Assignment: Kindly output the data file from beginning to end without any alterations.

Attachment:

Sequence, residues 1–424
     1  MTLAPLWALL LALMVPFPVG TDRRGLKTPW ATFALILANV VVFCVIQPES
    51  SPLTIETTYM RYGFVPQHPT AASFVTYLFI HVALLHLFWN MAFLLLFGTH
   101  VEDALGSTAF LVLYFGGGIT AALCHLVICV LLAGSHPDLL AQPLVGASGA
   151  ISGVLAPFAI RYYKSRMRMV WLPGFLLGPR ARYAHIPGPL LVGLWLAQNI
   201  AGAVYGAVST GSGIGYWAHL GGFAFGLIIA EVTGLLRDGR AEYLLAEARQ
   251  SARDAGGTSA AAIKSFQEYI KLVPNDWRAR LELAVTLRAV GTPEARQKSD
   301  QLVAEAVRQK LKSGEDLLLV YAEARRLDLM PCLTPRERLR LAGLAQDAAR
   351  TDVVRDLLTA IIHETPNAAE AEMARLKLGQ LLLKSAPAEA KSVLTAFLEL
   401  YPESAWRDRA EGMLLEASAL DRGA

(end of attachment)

Sequence, residues 1–424
     1  MTLAPLWALL LALMVPFPVG TDRRGLKTPW ATFALILANV VVFCVIQPES
    51  SPLTIETTYM RYGFVPQHPT AASFVTYLFI HVALLHLFWN MAFLLLFGTH
   101  VEDALGSTAF LVLYFGGGIT AALCHLVICV LLAGSHPDLL AQPLVGASGA
   151  ISGVLAPFAI RYYKSRMRMV WLPGFLLGPR ARYAHIPGPL LVGLWLAQNI
   201  AGAVYGAVST GSGIGYWAHL GGFAFGLIIA EVTGLLRDGR AEYLLAEARQ
   251  SARDAGGTSA AAIKSFQEYI KLVPNDWRAR LELAVTLRAV GTPEARQKSD
   301  QLVAEAVRQK LKSGEDLLLV YAEARRLDLM PCLTPRERLR LAGLAQDAAR
   351  TDVVRDLLTA IIHETPNAAE AEMARLKLGQ LLLKSAPAEA KSVLTAFLEL
   401  YPESAWRDRA EGMLLEASAL DRGA